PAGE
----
Back to Facebook

Once again, the internet lit up. Phil Kean and Bill Segal both posted their disappointments on Facebook. Kean wrote in his post,“If you are a citizen of Winter Park, please reach out to the three commissioners that voted me not qualified and let them know that I would make a great board member. They are Carolyn Cooper, Greg Seidel and Tom McMacken. MayorSteveLeary andSarah Sprinkelsupported me. I want to thank you in advance for your help in this.” 

Bill Segal had a somewhat more philosophical view on the matter, though he did acknowledge that he was disappointed. He wrote on Facebook, “. . .just remember life is a two way street, everything doesn't have to be all one way or the other, and when you find yourself so passionate about an issue that is not life or death, often it is a good time to listen to new voices, and new ideas. Sounds like the same people have been battling over the same stuff for far too long.” 

Steve Leary, still insisting that the vote was ‘about the people’, posted on May 12: “I do not believe it productive to criticize my fellow commission members or theorize on their rationale for voting against Phil and Bill. Rather, I am hopeful that Commissioner(s) Seidel, McMacken, and/or Cooper will reconsider Mr. Kean and Mr. Segal for appointment to the HPB.”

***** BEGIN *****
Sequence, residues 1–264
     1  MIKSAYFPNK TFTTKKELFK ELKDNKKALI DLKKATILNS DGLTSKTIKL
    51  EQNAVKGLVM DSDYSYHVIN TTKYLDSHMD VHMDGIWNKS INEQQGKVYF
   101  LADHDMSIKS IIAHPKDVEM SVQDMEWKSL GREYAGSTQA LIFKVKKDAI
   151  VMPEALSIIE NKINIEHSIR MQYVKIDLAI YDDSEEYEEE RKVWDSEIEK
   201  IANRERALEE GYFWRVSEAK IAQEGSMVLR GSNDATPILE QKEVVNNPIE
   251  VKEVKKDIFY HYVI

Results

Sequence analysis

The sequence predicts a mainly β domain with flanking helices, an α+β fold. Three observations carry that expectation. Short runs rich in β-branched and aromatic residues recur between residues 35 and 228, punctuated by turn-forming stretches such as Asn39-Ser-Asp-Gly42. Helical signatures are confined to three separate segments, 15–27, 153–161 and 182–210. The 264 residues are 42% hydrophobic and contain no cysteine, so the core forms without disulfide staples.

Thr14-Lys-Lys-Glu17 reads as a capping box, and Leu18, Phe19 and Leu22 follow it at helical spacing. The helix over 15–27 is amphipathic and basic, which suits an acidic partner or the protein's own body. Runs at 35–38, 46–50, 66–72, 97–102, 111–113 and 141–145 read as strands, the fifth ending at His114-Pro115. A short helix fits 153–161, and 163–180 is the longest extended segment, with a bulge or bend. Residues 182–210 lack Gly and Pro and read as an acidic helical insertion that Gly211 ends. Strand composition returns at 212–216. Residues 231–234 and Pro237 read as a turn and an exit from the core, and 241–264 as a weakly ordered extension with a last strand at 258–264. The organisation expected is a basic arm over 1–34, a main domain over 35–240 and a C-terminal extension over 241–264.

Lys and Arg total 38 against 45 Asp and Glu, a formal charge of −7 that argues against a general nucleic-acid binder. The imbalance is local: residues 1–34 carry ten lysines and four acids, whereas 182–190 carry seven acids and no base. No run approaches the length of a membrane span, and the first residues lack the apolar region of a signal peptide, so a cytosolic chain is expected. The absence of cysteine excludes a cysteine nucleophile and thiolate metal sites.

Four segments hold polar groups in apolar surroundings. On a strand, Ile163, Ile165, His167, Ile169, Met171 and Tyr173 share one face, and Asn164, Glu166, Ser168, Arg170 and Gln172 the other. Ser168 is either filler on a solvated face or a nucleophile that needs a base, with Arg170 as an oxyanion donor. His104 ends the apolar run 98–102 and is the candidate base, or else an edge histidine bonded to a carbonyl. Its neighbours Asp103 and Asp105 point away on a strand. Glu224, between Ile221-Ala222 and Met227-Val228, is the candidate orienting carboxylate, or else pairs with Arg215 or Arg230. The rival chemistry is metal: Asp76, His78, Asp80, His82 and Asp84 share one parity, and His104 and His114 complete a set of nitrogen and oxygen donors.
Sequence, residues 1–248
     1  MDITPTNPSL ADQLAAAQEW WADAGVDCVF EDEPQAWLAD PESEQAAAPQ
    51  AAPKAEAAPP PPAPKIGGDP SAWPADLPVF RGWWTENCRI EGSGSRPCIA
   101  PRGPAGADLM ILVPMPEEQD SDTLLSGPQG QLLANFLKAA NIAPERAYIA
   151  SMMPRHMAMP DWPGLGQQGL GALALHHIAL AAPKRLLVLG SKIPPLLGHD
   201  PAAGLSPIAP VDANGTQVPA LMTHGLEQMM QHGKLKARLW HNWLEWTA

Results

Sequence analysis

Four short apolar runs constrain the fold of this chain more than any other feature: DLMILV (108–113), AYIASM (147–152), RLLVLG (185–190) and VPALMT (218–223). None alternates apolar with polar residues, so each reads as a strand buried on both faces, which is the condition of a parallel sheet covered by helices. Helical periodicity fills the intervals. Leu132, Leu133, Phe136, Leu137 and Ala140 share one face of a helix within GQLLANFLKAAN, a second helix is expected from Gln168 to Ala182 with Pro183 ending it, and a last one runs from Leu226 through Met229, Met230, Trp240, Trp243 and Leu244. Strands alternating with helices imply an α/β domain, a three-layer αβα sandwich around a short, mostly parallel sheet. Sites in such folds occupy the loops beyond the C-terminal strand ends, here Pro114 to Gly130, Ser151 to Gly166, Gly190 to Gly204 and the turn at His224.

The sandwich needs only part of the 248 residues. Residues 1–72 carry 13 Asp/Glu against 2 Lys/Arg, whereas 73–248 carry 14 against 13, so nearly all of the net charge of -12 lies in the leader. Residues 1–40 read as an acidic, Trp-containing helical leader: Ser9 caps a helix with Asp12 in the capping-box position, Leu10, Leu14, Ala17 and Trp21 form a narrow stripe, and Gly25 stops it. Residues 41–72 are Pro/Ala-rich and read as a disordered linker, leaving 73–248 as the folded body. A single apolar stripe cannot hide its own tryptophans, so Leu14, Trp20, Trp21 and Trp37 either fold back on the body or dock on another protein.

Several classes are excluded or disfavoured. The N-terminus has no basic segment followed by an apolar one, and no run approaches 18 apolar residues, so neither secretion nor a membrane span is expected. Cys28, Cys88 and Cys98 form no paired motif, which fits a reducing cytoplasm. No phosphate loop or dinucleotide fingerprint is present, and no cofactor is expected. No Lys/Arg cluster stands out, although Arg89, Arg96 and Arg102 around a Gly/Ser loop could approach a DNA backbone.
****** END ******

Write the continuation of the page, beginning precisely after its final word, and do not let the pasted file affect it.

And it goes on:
And perhaps they will reconsider – after the ordinance has come before the Winter Park City Commission and has either passed or failed.

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About the  Editor

Anne Mooney, Editor, Winter Park Voice

Mooney got her start in New York as a freelance line editor for book publishers, among them Simon & Schuster and the Clarkson Potter division of Crown Books. From New York, she and her husband and their year-old toddler moved to Washington, D.C., where the two ran a newswire service for Harper’s magazine . . .